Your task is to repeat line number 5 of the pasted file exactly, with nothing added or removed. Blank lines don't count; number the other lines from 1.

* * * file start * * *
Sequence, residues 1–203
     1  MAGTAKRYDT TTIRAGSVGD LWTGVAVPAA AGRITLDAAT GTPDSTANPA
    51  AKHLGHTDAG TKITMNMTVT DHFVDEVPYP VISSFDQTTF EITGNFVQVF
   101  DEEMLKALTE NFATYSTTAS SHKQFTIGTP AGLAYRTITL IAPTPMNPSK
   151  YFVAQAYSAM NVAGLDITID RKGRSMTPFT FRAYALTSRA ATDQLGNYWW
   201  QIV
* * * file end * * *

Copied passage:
   151  YFVAQAYSAM NVAGLDITID RKGRSMTPFT FRAYALTSRA ATDQLGNYWW